I was going to share an idea we used in one of my classes to review what we covered, but sharing about what we teach or how we teach just didn’t seem like the right thing to share. Tragically we were all numbed and saddened by what happened last week in Newtown, Conn. Then the stories about the children and teachers/adminstrators who were killed began to come out and I started to reflect about why we teach. For close to thirty five years I have worked at the high school level, where every day, other high school teachers such as me see five/six different classes of students on a daily basis for about 50-60 minutes every day. But for elementary teachers, their school day is much different. They see their students every day, all day for the entire year. Imagine having to deal with the same kids every day, every period, all year. I’ve tried to imagine that and each time I keep thinking how much more of a challenge it would be for me to attempt that type of teaching situation. That’s why I have always admired and respected the work that elementary teachers do on a daily basis. Then Friday happened.
I have read many of the stories and watched most of the videos, but the one clip that really brought me to the understanding of why teachers teach was the one about Kaitlin Roig, one of the first grade teachers at Sandy Hook Elementary. In it she describes what she told her kids while locked in the bathroom. Her concern was that they would never see their parents or family again and she wanted to make sure that the last thing that they heard was that they were loved. For some reason, Kaitlin and her students were spared, but there were other teachers and administrators who died trying to save the children they saw every period, every day, all year long.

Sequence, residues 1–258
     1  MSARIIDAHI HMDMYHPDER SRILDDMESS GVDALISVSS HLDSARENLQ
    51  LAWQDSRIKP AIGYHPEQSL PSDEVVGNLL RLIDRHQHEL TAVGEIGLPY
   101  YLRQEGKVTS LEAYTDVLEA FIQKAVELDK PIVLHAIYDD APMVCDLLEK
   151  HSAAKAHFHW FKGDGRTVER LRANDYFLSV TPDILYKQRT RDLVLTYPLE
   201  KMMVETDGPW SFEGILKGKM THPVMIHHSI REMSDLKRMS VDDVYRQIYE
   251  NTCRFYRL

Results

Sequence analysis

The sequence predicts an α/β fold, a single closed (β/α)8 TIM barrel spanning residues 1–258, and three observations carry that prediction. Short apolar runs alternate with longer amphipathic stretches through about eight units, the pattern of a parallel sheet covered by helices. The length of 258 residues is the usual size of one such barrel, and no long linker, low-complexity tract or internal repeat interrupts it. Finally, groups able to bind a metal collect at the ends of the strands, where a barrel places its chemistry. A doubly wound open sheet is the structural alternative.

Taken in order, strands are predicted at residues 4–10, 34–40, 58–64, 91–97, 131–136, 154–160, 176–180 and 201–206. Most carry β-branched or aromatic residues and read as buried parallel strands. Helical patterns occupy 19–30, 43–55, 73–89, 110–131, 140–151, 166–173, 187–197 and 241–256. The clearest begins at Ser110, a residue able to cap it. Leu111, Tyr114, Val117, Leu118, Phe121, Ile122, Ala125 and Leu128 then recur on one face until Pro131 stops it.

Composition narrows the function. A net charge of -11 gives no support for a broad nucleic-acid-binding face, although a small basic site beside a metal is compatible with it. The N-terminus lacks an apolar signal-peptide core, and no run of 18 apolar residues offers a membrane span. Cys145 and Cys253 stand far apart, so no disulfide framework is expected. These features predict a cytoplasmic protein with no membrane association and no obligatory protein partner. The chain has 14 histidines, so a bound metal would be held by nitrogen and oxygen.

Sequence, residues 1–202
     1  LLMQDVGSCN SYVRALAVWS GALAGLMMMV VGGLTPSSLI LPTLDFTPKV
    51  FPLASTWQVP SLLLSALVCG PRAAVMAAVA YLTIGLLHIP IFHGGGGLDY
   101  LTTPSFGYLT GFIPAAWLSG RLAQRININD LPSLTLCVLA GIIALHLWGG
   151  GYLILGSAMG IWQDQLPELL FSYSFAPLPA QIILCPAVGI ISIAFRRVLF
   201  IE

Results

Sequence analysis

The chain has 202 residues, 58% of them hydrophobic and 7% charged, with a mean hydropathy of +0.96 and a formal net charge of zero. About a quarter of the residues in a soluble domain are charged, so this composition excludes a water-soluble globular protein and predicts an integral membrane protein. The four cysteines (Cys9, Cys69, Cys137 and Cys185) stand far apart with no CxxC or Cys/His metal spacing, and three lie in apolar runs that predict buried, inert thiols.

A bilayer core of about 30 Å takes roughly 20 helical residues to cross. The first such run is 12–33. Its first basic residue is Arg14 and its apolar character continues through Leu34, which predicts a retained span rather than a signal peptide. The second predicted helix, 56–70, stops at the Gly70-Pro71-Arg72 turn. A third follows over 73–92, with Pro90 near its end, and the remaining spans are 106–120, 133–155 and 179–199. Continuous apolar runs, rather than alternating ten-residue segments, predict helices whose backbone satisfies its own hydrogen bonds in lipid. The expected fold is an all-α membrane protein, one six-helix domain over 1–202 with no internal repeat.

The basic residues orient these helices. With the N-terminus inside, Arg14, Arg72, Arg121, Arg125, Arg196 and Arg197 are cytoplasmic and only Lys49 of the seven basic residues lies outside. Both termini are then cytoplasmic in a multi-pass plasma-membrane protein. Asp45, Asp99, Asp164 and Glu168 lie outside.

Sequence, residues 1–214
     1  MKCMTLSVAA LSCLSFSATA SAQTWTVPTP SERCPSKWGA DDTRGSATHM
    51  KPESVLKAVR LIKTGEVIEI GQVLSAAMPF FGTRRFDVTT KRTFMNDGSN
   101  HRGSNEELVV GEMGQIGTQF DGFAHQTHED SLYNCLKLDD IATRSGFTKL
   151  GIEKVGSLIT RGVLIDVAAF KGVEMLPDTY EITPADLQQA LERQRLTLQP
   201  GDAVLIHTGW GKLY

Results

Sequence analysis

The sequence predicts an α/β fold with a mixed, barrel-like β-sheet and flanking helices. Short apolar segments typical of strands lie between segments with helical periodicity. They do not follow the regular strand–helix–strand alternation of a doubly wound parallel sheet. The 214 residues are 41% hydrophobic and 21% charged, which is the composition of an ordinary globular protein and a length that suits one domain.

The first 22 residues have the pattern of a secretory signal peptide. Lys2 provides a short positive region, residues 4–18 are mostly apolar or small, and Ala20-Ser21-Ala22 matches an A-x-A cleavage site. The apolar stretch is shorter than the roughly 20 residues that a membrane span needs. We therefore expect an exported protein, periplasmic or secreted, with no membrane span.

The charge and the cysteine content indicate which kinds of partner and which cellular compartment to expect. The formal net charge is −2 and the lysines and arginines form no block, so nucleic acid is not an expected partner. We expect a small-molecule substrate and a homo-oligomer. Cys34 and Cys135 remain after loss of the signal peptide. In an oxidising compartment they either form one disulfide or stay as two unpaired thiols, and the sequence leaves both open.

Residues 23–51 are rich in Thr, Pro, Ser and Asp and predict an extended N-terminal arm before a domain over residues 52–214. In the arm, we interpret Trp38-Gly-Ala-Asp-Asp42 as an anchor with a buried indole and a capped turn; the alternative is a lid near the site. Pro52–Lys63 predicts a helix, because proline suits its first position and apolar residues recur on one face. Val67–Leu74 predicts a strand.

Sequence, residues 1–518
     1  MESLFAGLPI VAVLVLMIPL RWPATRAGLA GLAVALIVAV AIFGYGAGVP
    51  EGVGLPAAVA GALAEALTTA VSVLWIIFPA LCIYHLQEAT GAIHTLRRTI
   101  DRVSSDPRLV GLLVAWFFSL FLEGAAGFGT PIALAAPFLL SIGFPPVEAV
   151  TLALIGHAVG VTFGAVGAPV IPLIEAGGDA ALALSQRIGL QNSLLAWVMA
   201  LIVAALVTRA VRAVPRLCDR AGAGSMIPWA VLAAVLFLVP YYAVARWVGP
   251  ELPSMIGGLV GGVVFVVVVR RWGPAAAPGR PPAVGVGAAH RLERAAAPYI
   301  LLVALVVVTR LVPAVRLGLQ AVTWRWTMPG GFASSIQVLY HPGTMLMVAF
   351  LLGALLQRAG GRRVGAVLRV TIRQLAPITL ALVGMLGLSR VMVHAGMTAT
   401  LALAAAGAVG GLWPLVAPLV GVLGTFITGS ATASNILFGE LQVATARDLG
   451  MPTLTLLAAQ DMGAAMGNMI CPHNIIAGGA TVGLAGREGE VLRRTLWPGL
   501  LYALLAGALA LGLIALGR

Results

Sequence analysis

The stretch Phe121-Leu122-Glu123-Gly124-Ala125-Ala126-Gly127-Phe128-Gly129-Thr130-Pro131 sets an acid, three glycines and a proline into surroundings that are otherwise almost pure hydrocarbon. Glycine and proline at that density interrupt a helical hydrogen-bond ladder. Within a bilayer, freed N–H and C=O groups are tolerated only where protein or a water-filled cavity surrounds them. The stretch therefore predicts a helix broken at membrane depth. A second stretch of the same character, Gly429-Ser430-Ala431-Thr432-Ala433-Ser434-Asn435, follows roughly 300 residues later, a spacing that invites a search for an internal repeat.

For most of those thirty five years, going to school has been something I looked forward to. While I didn’t see my students all day, seeing them in class and seeing how they progressed from day one to the end of the year was always a good feeling. But I have to be honest, there were days, and there still are, when a certain class just didn’t or doesn’t seem to want to be there and trying to keep them motivated was and is a real challenge. Then I read about Kaitlin and some of her fellow workers and it became abundantly clear that what we teach and how we teach is secondary to why we teach. For Kaitlin and others, teaching wasn’t a job; it was a relationship that developed between her and her students who love coming to her class, every period, every day, all year long. What greater tribute can we make to teachers like Kaitlin Roig, those that died trying to protect their class, and others who work with young children, than to reflect on why we teach? Perhaps then, the tragedy, the anguish, and the deaths of 26 innocent children and adults will not have been in vain.
Today is not to worry about how we teach or what we teach.